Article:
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Have you ever made draperies or curtains?  What method did you use?  Pillow-cased or sewn side hems, double fold side hems, top down… bottom up?

There are many different construction techniques when it comes to drapery making.  One of my favorites is a hand sewn drapery with interlining and interlocked layers.  This method, often called the English method in the United States, creates a structured, luxurious finish.

You can learn how to make this style of drapery with my latest DVD, available in the HomeDecGal website store.  Click here to see the product information.  I show step-by-step how to make the drapery from interlocking the lining and interlining to hems and the pleated heading.  I hope you will enjoy this timeless and elegant approach to drapery making.

See a preview here: Preview of  Interlined, Interlocked French Pleated Drapery video

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French pleats are also called “triple pinch pleats”

 

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All edges are hand sewn creating a beautiful finish with no visible stitching.

 

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A mitered corner is added at the bottom hem.

 

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Details make the difference! French tacks are added at the hem to give the lining a little movement – but still holding the layers together

 

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The finished drapery didn’t require any steaming or dressing. With this method, there is very little manipulation of the materials, creating a drapery with less wrinkles.

 

If you have any questions about this technique, or about the video please let me know!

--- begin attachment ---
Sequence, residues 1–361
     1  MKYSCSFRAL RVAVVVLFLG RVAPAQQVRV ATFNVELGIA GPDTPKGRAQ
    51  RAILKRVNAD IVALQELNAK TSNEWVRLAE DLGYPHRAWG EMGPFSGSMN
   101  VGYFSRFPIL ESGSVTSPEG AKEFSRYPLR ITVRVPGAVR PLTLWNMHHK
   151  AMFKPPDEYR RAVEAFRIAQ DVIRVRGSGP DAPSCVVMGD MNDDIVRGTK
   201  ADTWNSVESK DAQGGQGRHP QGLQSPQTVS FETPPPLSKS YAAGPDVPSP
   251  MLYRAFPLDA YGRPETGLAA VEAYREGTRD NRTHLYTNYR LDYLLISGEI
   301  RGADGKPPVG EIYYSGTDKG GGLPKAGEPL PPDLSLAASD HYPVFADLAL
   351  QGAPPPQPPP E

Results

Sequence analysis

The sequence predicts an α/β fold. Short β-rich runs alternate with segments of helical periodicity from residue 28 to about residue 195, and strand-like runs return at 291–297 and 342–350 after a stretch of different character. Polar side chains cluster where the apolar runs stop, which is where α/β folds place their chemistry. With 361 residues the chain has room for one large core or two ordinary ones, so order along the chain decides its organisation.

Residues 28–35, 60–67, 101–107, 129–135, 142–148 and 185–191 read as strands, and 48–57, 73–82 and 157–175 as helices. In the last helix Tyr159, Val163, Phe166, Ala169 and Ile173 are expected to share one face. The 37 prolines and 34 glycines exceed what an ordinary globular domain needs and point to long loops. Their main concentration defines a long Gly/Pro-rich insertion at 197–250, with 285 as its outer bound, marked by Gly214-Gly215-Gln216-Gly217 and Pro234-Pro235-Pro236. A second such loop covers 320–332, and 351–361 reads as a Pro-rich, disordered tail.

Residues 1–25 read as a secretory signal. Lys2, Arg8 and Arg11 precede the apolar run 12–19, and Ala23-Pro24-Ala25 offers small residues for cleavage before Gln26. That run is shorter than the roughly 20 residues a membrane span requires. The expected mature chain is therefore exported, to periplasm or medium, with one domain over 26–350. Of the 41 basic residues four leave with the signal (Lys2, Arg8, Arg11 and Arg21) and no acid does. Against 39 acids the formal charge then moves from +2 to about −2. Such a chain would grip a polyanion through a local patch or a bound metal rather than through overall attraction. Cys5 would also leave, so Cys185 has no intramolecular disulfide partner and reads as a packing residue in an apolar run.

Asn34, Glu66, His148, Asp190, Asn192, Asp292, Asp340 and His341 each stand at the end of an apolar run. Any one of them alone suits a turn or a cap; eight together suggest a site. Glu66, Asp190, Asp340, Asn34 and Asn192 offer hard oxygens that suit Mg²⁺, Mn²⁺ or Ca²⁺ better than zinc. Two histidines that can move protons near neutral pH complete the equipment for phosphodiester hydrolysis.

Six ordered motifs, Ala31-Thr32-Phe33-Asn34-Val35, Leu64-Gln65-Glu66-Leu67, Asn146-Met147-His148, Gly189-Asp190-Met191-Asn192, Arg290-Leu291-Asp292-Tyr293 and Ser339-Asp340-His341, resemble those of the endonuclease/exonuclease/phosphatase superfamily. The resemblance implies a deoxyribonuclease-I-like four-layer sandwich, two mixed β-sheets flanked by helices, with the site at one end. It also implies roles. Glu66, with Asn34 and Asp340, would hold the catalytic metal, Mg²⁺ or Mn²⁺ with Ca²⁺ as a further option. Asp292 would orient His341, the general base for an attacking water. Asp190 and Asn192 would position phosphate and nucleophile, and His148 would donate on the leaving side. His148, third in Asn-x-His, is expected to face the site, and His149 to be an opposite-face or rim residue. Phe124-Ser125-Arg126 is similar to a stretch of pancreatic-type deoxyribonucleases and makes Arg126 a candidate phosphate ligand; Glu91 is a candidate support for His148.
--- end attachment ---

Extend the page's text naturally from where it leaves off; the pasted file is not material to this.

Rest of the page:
Best Wishes,

Susan

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Comments

  1. Michelle at May 28, 2014 11:49:19

    Hi Susan,

    I have taken your Craftsy class on Roman Shades and have made several that turned out beautiful. I mounted a shade on a French door and the sketch you drew instructing the best way to achieve this was very helpful.

    I have also purchased your Interlined, Interlocked French Pleat Drapery dvd. I am about to tackle a very tall window. My rod measures 64″ and the finished length is 151″. It will be a center split draw. I have 20 yds of fabric and I am ready to get started. My calculations for fabric widths was 2.96 or 3. Do you think this will have enough fullness? If you wouldn’t mind can you help me determine my cut fabric width? I come up with 80″ for each flat panel. 64 x 2.5=160/2=80. But I think this is for the finished flat panel before pleating. So allowing for 2″ double side hems my cut width should be 88″ width for each panel.

    Just wanted to double check before cutting. I think I’m letting the height of the window intimidate me from starting so naturally I’m worrying about the width. :)

    Thank you,
    Michelle Jones


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